Stiemsma Took Long Road Back To Midwest With Wolves
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Greg Stiemsma had a genuine sense of appreciation in his voice and his mannerisms as he was introduced as the newest member of the Minnesota Timberwolves on Thursday. After a four-year journey filled with career twists and turns, his professional journey back to the Midwest gave him a deep gratitude for his opportunity in the NBA.
Since leaving the University of Wisconsin in 2008, Stiemsma’s been all over the map. He played two stints in Turkey, two with the Sioux Falls Skyforce of the NBA Development League, had one stop in South Korea and a brief stint with the Timberwolves from April to September 2010 before Stiemsma landed a prominent reserve role with the Boston Celtics last year.
Serving as a defensive stopper and shot blocker during 55 regular season games and 19 more in the playoffs, Stiemsma caught the Wolves’ attention enough to pursue him this offseason and bring him in as a backup center behind Nikola Pekovic.
Along the way, the Randolph, Wis., native learned what it takes to be part of an NBA organization, and he’s ready to bring that mindset back to Minnesota.
“It kind of gave me a sense of reality, too,” Stiemsma said about his first stint with the Timberwolves. “How hard it is to stay in this league and how hard it is to get back. It adds to the whole appreciation to the opportunity I’ve been given.”
The 6-foot-11 center fills a much-needed role on the Timberwolves roster. In an offseason primarily focused on shoring up the small forward and shooting guard positions, the Wolves had not made a roster move that bolstered its interior. The team used the amnesty clause on Darko Milicic, Brad Miller retired, Anthony Randolph left via free agency and Anthony Tolliver is still an unrestricted free agent, making the team’s depth thin near the hoop.
Interior defense was one spot President of Basketball Operations David Kahn hoped to address this offseason, and Stiemsma’s signing gives them a player whose specialty is just that.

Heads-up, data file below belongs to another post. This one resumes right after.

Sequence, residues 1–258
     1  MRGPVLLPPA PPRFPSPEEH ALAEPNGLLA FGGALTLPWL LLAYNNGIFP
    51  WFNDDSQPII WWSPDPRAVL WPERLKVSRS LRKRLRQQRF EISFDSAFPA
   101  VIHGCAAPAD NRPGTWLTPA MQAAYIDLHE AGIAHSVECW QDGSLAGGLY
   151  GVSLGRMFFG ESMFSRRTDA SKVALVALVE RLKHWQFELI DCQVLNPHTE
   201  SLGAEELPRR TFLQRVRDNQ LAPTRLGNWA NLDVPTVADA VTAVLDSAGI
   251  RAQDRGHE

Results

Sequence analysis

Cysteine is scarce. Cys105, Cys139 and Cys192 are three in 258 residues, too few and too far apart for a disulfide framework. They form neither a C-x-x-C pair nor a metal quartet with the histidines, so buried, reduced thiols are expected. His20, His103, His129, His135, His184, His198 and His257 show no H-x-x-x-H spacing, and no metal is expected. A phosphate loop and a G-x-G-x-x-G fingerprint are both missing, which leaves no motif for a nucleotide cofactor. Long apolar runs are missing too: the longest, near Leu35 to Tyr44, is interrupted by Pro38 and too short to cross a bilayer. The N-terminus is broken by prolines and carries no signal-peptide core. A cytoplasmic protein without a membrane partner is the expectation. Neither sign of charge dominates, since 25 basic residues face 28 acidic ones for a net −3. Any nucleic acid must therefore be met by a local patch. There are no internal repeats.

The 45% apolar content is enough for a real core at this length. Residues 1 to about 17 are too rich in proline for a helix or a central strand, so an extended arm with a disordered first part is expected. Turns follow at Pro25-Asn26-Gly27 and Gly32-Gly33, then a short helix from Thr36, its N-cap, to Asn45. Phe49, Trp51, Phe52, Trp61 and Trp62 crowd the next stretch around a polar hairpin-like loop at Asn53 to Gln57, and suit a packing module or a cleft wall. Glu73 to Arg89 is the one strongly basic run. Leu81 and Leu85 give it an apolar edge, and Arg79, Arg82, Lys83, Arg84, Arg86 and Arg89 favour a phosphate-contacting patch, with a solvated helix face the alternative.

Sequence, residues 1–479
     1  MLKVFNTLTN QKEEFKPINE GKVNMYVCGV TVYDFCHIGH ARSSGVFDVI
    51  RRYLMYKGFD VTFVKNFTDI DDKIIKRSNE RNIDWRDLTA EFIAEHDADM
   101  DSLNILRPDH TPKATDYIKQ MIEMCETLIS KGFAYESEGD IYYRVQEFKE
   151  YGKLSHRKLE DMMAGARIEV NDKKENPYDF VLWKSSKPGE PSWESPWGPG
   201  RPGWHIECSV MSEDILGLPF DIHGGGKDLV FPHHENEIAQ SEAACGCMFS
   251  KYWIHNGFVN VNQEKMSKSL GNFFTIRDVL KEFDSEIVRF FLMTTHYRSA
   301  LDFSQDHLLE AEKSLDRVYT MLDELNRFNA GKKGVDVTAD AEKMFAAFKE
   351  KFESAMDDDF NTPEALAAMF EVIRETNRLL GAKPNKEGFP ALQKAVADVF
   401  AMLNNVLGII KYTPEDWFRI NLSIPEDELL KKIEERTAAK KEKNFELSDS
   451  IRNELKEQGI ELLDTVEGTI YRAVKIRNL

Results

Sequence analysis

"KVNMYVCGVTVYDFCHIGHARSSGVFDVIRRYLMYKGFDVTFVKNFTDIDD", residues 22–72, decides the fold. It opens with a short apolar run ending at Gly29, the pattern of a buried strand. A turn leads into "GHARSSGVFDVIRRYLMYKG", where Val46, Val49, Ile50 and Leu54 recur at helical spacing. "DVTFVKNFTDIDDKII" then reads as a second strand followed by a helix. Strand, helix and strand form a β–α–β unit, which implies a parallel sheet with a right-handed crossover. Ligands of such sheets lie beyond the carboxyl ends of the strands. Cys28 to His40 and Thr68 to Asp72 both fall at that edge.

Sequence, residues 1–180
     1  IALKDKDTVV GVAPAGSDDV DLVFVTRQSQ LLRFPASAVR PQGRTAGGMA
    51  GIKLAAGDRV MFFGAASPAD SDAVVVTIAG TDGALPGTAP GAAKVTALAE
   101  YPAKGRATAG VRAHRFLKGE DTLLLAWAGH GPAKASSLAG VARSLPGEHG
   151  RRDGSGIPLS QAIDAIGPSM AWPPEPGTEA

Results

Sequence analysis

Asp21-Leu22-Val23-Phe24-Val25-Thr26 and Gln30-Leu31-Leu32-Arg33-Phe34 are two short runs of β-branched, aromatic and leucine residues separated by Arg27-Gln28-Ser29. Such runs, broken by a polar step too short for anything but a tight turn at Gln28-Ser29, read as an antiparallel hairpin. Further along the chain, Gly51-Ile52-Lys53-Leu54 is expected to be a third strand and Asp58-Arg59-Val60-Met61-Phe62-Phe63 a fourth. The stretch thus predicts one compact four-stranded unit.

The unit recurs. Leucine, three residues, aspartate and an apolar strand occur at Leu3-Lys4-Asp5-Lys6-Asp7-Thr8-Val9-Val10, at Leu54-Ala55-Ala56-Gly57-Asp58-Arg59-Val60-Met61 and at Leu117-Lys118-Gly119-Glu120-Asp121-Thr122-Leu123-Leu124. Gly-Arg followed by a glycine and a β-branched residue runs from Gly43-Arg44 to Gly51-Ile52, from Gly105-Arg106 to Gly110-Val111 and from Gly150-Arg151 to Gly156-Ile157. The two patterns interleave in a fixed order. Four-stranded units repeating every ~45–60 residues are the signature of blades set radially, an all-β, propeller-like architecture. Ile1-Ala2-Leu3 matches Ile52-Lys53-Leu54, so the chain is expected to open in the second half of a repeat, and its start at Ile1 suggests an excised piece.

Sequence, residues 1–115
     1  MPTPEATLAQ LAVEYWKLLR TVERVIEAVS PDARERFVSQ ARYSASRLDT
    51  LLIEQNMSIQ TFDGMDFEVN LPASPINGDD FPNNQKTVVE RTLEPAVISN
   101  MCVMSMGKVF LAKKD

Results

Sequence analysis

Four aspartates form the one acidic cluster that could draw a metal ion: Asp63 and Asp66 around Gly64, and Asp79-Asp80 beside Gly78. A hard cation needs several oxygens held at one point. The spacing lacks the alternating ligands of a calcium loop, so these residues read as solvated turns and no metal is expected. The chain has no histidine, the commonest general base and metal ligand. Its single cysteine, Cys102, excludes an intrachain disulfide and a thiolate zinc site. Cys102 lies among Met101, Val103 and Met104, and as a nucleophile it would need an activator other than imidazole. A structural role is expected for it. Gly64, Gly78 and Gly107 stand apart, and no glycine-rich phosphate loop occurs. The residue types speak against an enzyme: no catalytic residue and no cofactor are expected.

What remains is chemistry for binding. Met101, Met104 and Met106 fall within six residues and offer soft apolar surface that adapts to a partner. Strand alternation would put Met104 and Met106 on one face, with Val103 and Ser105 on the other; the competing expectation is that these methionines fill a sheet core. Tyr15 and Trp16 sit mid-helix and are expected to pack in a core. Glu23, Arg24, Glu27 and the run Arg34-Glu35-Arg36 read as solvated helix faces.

“One of the places we really want to address and get better at in the offseason is to make certain we got better in rim protection, being able to challenge peoples’ shots,” Kahn said Thursday. “We’re very happy to have [Stiemsma] here today.”
Part of what makes Stiemsma’s arrival unique is the journey he’s been through. He averaged 10.0 minutes per game over his four years at Wisconsin, primarily contributing on the defensive end. He bounced between international ball and the D-League for three years before getting the nod from coach Doc Rivers and the Celtics last season.
From there, he played for a storied franchise with a championship-winning coach and a collection of future Hall of Famers. Now, as he returns to Minnesota, he brings not only a specialized role but a wealth of experience in postseason play. The Celtics were within a game of reaching the NBA Finals last season.
He said one thing he can bring is a sense of a playoff atmosphere’s intensity.
“The way the season was with the shortened season, all the excuses we could have made last year, how tough you have to be mentally to play a seven-game series,” Stiemsma said. “Whether we’re up or down, there’s no rest. You have to be just as intense, you have to bring it every possession.”
Rivers was complimentary of Stiemsma’s play when the Celtics played the Wolves at Target Center on March 30, saying he was a strong addition to the team. He was coming off a four-block effort in the previous game against Utah, and he added two more blocks against Minnesota that evening.
While he was at Target Center in March, he got his first glimpse of how the culture was changing around the Timberwolves organization since his previous stint with the club. The Wolves had rivaled for a playoff spot, and some of his friends in Sioux Falls had been telling him how different the team looked compared to previous years.
“Last year they were telling me that the team was on the way up. There’s just more buzz now, more attention given to this team,” Stiemsma said.
“If we go out and execute and do what we’re capable of, I think we’ll definitely be a dangerous team.”
After a four-year journey that kept him playing as close to home as Madison and Sioux Falls to as far away as South Korea and Turkey, Stiemsma has found a home in Minnesota in close proximity to his family, his friends and where he grew up learning the game.
Getting the chance to come back to the Midwest wasn’t a tough decision, he said.
“Minneapolis is not a hard sell for me,” Stiemsma said. “They didn’t have to convince me too hard to come to this city and enjoy this part of the country, so that definitely was a big factor.”